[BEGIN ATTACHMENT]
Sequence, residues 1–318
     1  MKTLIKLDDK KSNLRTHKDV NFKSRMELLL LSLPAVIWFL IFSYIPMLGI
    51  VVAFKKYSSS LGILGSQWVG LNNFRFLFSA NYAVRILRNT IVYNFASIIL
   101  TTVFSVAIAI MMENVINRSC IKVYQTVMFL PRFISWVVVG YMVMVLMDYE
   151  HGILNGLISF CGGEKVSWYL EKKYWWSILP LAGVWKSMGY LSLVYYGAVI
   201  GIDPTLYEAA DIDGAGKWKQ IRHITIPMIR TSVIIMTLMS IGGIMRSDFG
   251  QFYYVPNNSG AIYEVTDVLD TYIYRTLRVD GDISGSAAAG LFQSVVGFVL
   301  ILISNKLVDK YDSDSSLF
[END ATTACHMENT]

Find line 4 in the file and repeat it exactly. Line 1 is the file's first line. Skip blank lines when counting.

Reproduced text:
   101  TTVFSVAIAI MMENVINRSC IKVYQTVMFL PRFISWVVVG YMVMVLMDYE